Another interesting element of the study is that it looked into the concerns that the teams therefore might not do as well in the competition, and that men may not be willing to cooperate with women after the end of the competition, due to resentment of their unequal treatment. Neither of these concerns were born out in this study. Not only did the inclusion of women not affect team success, Balfoutas and Sutter paired men and women in a coordination game after the contest. They found performance in this game did not decrease compared to the controls.

Notably, not all methods produced equal outcomes. And the study has focused on whether people enter into existing competitions, which is relevant to things such as job openings or political campaigns, but doesn’t address other issues, like the number of available jobs, promotion opportunities, the kinds of rewards up for grabs etc. Also, studies like these are most often gender-normative, most fundamentally, leaving them open to critique. But the researchers have given us a clearer understanding of how despite these limitations, gender-based affirmative action policies can increase the willingness of women to compete without affecting the chances of highly skilled men to succeed as well.

Join the Conversation

  • Robert

    I never thought men naturally did better at math than women. I do believe men are more interested in math just like women are more interested in liberal studies. It’s no one’s fault if there aren’t that many women interested in math. When you have to give incentives for someone to do something then they really aren’t that interested in the first place. In the end that leads to unhappiness when you are stuck doing something you don’t want to do. For example I know engineers make a lot of money (I work in the same building as them) and I could eventually learn all the math for it but I would be miserable in the end.

    I say let women do what THEY want to do, don’t lead them towards a specific subject just to try and make quotas.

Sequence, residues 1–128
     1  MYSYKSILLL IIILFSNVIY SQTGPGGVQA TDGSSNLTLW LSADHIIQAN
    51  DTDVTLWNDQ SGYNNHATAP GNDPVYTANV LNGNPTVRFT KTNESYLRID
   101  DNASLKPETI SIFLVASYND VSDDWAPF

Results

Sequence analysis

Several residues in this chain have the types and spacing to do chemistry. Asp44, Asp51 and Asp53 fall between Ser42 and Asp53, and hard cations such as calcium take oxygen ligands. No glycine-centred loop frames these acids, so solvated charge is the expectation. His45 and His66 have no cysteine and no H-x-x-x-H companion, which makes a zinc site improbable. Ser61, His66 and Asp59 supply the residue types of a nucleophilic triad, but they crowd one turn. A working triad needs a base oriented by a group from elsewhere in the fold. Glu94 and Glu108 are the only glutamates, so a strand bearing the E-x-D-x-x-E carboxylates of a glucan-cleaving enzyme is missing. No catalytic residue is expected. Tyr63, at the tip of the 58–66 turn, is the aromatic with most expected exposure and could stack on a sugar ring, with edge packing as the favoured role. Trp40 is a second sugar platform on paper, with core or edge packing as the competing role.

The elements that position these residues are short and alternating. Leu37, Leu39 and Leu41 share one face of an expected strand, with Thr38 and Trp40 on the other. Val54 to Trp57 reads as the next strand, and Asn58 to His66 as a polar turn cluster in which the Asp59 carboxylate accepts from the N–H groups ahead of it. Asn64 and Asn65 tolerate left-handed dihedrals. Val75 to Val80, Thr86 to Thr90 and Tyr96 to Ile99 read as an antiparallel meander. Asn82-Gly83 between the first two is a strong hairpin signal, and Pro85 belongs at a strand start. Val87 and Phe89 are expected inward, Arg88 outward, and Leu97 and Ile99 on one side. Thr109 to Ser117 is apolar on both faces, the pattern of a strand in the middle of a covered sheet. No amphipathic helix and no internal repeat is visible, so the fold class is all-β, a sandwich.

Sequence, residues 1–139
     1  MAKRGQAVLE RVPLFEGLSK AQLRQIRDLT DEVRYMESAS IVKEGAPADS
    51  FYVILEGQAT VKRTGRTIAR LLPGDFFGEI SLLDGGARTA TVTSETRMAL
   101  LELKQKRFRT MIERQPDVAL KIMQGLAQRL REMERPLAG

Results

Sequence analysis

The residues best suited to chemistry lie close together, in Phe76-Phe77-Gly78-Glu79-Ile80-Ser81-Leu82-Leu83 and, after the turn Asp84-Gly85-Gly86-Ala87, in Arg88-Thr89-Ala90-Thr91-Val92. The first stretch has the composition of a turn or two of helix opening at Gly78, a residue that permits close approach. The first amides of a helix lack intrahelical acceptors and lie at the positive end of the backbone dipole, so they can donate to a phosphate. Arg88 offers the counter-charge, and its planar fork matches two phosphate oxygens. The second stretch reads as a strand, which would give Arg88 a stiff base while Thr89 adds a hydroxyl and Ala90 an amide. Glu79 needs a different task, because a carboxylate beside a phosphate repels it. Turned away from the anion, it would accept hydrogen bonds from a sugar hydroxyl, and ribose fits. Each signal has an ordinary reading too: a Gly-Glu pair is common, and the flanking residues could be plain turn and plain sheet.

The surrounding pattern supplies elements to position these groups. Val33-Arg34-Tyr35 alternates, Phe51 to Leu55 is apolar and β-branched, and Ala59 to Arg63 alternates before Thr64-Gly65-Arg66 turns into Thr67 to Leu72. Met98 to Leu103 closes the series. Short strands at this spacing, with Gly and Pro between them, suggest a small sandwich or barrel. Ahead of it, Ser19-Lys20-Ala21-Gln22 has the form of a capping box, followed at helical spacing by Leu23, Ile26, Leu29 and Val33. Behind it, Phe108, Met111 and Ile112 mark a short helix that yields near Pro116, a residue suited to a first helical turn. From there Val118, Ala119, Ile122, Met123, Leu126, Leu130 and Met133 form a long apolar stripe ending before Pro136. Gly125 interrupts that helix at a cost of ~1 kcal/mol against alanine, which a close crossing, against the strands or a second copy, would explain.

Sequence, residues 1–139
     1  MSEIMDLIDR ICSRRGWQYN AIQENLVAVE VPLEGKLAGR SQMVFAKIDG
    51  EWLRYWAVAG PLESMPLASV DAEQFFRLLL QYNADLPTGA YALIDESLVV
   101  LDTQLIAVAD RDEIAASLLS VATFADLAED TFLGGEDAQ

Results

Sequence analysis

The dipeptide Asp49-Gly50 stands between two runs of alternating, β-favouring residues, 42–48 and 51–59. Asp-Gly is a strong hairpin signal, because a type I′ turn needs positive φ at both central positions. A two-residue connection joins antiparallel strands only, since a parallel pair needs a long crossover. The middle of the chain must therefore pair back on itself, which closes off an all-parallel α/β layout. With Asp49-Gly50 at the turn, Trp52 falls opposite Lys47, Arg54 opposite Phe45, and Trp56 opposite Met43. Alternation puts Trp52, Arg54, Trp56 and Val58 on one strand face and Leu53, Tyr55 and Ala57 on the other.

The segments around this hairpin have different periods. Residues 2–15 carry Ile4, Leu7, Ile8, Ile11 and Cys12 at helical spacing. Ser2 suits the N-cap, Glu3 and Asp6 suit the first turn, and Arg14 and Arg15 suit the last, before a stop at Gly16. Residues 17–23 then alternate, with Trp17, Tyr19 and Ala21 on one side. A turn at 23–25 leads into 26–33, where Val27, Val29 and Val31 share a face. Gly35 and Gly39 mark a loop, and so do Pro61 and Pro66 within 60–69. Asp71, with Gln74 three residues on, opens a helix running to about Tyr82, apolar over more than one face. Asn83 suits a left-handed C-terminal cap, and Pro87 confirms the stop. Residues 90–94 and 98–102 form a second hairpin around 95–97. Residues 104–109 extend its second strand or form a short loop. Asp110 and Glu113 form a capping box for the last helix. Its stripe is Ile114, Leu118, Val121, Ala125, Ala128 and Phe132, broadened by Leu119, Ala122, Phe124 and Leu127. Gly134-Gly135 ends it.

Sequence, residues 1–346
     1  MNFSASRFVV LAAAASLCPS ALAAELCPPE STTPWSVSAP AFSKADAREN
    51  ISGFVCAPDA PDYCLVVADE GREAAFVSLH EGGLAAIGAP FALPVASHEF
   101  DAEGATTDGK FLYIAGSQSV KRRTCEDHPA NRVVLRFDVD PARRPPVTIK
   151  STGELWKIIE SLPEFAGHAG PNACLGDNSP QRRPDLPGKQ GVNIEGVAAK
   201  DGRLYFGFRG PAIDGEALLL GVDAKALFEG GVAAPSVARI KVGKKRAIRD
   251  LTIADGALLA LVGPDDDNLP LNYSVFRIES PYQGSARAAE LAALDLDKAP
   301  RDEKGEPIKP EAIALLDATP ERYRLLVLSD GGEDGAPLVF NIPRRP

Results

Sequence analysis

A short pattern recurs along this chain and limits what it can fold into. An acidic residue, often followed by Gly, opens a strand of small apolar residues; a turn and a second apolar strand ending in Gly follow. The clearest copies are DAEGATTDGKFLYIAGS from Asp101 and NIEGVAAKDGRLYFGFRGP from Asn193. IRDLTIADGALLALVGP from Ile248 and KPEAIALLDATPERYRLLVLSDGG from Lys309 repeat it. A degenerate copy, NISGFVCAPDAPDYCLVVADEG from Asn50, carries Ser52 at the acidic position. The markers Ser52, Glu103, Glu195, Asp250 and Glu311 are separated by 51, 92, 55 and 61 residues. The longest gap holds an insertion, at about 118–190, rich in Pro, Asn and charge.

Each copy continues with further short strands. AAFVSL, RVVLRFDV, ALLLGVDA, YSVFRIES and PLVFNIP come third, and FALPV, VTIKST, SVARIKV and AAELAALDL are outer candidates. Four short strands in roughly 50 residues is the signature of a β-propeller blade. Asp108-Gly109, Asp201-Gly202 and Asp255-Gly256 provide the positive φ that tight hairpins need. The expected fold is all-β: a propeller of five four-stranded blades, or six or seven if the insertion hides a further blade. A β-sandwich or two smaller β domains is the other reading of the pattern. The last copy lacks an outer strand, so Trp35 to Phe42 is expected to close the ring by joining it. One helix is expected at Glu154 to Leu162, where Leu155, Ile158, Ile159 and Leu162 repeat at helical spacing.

• Jess

      TLDR Summary:
      1. Don’t make generalisations, particularly about what women want/are interested in.
      2. If there seems to be a gender difference, look for societal pressures before declaring no one is at fault, or “women/men are just that way”.

      Actual comment:
      Robert, have you ever considered how much “lack of interest” is actually just socialised? I’m studying IT at the moment, and there are so few women around that it is actually depressing. There are four full-time female lecturers in IT across three campuses of my university. I don’t know the official percentage, but there are far fewer female IT students than male.

      Do you know why a lot of girls aren’t interested in IT as a career? Because it is a “boy’s field”. More than that, it is a “geeky boy’s field”, and what late-teenage girl, socialised to like makeup and glamour and “hot boys” is going to be *interested* in a field like that?
      (Disclaimer: Yes, this is a generalisation, which is bad; but it is also sarcasm, which I am trying to use to stress my point. Cries of hypocrisy are invalidated.)

      I was your typical all-girls-school graduate; I left school knowing that there is nothing a man can do that I can’t, whether that’s maths or IT or engineering or any other thing that might interest me. But I saw girls all around me who had ability, but wrote it off because “that’s a boy thing”, and there was nothing more frustrating than watching them do it.